To see whether a physical interaction between Sec22p and Ufe1p could be demonstrated, we immunoprecipitated Ufe1p from cell extracts and probed the precipitates with anti‐Sec22p antibodies. Figure 6A shows that some Sec22p indeed coprecipitated with Ufe1p. In this experiment a sec18 strain was used and the Sec22p–Ufe1p interaction was enhanced after incubation at 37°C, though as with the Sec20p–Ufe1p interaction, we found the effects of sec18 to be variable. From the blots, we estimate that ∼5–10% of the total Sec22p was associated with Ufe1p. In contrast, no Bet1p could be detected in the immunoprecipitate. Suitable antibodies against Bos1p and Ykt6p were not available, and so we expressed versions of these proteins tagged with a myc epitope at the N‐terminus. These altered proteins remained functional, as shown by their ability to suppress sec32‐1 (a bos1 ts allele) and sec22‐3 respectively. However, they could not be detected in the Ufe1p immunoprecipitates. Myc‐tagged Sec22p acted as a positive control, and was readily detectable (Figure 6A). We conclude that Sec22p forms a specific association with Ufe1p that is disruptable by Sec18p. The other v‐SNAREs, including Bos1p which binds to Sec22p in forward transport vesicles (Lian et al., 1994), evidently do not form stable complexes with Ufe1p under these conditions. Further negative controls were provided by myc‐tagged versions of the putative Golgi v‐SNAREs Sft1p and p28 (the yeast homologue of GS28; Nagahama et al., 1996; Subramaniam et al., 1996), neither of which could be detected in the Ufe1p immunoprecipitate (Figure 6A).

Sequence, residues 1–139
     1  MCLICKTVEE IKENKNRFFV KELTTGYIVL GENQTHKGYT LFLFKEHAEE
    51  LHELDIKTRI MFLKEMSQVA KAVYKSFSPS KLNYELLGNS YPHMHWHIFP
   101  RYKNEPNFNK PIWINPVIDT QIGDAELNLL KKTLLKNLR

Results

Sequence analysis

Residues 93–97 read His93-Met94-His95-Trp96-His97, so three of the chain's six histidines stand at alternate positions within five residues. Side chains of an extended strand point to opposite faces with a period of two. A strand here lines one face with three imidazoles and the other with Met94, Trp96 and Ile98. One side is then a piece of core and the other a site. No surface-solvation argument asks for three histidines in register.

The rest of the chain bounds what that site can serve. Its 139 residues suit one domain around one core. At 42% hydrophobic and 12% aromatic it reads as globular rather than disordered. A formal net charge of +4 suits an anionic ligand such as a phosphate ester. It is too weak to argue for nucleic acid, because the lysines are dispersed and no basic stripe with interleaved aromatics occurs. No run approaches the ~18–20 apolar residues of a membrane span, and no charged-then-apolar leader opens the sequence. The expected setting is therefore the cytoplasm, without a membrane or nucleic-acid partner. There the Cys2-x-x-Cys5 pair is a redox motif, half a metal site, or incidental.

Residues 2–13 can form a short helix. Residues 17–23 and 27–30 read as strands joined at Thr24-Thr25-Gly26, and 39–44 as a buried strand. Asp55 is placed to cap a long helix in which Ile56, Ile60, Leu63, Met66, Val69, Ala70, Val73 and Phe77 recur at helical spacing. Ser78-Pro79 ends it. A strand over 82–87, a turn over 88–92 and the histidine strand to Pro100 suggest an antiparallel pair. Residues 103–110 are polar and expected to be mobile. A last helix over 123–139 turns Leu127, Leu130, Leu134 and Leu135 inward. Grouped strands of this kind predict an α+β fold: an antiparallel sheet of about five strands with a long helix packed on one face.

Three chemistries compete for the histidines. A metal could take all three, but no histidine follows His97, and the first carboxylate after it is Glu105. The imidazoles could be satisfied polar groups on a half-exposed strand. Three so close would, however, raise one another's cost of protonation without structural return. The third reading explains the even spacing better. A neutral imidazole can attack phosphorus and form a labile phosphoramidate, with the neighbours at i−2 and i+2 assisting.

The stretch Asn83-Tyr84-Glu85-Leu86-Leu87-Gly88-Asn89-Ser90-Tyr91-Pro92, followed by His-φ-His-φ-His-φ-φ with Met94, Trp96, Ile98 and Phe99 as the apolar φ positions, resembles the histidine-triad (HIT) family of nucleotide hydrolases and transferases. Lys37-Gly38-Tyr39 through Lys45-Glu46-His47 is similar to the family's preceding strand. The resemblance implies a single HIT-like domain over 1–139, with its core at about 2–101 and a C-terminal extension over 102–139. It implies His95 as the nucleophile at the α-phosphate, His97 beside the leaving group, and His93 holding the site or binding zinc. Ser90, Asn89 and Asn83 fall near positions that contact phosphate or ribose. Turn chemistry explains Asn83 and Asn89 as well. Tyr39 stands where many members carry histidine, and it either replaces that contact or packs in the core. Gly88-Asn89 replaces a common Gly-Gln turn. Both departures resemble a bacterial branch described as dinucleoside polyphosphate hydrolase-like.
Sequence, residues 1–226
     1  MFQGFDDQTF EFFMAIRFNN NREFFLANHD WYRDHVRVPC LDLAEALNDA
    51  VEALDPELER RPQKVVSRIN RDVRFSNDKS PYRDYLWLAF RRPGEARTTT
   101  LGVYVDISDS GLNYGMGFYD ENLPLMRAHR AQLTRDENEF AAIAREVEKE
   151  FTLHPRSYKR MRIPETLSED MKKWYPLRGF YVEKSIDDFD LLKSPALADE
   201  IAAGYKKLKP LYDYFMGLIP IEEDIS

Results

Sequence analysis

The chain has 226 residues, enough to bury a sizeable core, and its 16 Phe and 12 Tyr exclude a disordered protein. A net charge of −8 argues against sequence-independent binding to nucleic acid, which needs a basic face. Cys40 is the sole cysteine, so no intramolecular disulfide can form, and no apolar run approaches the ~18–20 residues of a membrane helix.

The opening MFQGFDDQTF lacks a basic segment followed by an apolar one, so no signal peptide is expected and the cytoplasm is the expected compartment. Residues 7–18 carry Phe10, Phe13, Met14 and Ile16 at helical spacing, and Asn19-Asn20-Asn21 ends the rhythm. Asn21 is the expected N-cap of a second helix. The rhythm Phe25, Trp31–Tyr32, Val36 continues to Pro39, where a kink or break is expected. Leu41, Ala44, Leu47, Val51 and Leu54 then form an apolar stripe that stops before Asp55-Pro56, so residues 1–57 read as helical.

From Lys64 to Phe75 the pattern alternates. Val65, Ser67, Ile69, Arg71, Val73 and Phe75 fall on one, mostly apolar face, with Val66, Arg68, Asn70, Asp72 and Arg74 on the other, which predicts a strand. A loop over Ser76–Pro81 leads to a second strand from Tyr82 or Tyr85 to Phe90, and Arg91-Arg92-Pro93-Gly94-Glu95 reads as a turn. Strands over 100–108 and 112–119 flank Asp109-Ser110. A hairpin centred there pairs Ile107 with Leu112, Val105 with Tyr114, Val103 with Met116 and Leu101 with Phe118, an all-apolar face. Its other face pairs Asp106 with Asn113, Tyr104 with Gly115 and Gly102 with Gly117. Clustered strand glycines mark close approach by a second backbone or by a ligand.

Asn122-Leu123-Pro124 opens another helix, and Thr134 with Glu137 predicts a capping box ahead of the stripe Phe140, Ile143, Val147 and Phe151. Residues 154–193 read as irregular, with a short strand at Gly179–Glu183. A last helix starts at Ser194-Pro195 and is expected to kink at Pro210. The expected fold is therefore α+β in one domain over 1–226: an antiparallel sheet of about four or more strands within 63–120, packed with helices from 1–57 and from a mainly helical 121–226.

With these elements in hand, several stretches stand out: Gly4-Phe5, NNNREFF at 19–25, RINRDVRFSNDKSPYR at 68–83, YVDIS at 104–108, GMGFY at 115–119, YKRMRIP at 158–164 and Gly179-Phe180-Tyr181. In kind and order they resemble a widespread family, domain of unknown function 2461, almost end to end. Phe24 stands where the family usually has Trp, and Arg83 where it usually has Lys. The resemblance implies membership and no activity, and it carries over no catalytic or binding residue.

Figure 6.